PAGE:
The intended audiences in relation to the development of the article include the patients, nurses, doctors, health institutions, and various medical practitioners with reference to provision of quality services and products to the consumers of the products. This is because of the tendency of malpractices in the context of medical profession unlike in other professions like law and accountancy. The intended audiences need to understand the influence of the Doctrine of Respondeat Superior in determining the basis of any malpractice in the health institution or by any medical practitioners.
In this article, the authors present Respondeat Superior as a positive concept towards minimization of the concept of malpractice in the medical profession. This is because of the ability to enhance effectiveness and efficiency of the health centers and employers in relation to the provision of services and products to the consumers in this case the patients. The article offers a critical examination of the previous and current cases with reference to the doctrine of Respondeat Superior with the aim of offering favorable treatment to the consumers (patients). The health or medical centers must be accountable for their roles and obligations in providing quality healthcare to the patients at the time of need. The article is also effective in illustration of the positive essence of Respondeat Superior as it seeks to address the rights of the patients while fighting the element of negligent in the actions by the doctors and nurses. In the process of the provision of health services and products, the employees of any health organization have the obligation of adhering to the standards of the employer. This is expressed in the article thus the integration of positive approach by the authors in the development of this effective and adequate article in relation to examining the concept of Respondeat Superior. The article depicts various aspects of negligence by medical practitioners as they offer critical services to the consumers/patients. This is positively addressed by the doctrine through diverse court cases.
It is logical to judge an employer for the actions of an employee in case of the existence of the relationship between the two entities (employee-employer relationship). The existence of this relationship between the employer and the employee depends of various factors. Primarily, this relationship depends on the right of control the employer has over the employee. The right of control at issue relates to the right to control all details and manner of work executed by the relevant employee. In examining this control issues, it is ideal to focus on whether the employer has adequate right to control the employee in executing the issues required. For instance, in the context of health care issues, the focus is usually on the ability of the employer to control the role of the employee in providing evaluation, diagnosis, and treatment services to the patients within the health sector. If this relationship between the employer and the employee can be determined through the relevant factors, it is ideal and logical to hold the employer responsible for the actions of the employers as they execute the duties and obligations. If there is no right of control, thus the employer experiences independent contract relationship with the employer, it is not logical to implement the doctrine of Respondeat Superior. This is an indication that the doctrine should be applicable in selection because of the relationship between the employer and the employee.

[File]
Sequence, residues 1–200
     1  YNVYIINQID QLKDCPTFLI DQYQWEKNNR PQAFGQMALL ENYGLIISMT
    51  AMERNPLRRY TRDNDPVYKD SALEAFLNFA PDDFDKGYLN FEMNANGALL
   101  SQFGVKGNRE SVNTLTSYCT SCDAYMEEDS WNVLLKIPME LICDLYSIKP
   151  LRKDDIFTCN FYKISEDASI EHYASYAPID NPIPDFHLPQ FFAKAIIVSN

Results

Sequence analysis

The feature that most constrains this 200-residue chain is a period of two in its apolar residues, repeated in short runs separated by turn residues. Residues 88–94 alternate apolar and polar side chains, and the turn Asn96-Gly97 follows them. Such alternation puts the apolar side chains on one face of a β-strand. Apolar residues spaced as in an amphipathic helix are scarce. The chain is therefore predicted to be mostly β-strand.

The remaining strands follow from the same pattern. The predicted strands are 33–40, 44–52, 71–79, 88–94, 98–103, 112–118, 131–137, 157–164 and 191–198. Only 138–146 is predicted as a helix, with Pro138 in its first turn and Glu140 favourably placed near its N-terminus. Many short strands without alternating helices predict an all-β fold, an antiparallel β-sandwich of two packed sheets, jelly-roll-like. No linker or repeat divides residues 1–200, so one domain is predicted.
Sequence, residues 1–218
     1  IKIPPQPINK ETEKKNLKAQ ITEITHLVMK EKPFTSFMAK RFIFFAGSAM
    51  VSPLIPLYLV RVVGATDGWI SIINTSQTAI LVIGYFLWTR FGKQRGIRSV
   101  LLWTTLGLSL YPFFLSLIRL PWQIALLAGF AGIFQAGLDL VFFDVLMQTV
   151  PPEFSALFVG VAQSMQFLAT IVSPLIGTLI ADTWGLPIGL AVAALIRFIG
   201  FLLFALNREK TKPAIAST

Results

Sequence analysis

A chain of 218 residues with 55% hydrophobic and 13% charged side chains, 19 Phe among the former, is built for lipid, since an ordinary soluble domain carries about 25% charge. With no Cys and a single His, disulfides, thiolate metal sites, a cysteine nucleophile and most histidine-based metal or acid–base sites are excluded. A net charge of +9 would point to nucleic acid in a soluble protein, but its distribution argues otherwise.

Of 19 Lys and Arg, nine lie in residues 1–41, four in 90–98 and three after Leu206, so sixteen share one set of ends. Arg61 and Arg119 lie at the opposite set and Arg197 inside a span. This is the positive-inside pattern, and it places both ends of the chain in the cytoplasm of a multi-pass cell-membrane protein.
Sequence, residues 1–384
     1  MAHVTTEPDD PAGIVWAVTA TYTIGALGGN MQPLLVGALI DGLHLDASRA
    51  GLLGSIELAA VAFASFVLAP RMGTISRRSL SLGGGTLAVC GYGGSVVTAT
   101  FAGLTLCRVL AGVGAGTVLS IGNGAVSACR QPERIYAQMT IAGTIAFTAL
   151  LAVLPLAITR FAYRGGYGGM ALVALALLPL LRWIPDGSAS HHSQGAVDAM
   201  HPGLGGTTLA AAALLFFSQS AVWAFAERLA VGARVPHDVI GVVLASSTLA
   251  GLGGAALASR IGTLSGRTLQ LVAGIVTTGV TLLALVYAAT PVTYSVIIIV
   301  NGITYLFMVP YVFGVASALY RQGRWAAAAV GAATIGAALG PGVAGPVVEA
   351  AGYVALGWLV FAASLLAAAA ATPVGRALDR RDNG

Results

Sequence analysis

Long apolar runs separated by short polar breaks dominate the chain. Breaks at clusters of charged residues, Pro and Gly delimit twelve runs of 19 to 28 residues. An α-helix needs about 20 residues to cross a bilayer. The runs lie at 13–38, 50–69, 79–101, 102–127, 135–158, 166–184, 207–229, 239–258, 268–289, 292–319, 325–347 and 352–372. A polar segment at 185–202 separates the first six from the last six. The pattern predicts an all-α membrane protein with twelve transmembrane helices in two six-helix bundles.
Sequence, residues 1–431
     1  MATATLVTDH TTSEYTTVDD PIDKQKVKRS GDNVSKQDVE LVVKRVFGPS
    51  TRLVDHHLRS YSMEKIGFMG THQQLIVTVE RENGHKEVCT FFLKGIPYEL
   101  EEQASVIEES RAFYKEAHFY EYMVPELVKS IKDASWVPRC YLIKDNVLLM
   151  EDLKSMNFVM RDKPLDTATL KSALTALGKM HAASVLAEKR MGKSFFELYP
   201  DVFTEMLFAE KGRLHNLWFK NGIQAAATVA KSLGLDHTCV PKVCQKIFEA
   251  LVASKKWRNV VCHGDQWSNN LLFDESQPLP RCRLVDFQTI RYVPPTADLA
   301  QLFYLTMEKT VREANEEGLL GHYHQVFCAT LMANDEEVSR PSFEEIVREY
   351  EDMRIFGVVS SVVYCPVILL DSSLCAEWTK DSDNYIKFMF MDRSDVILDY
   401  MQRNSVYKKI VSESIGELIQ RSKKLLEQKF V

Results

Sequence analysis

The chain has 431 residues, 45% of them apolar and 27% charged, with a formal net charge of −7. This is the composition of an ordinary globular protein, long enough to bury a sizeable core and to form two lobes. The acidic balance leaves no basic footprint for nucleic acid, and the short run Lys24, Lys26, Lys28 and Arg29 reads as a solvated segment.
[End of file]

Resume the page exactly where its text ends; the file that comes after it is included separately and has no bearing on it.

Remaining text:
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Parker v Vanderbilt University, 767 SW2d 412,414 (Tenn Ct App 1988)
Meadows v Patterson, 109 SW2d 417,419,429 (Tenn Ct App 1937)
Rural Educational Association v Bush, 298 SW2d 761-766 (Tenn Ct App 1956)
French v Fischer, 362 SW2d 926 (Tenn Ct App 1962)
McCay V Mitchell, 463 SW2d 710 (Tenn Ct…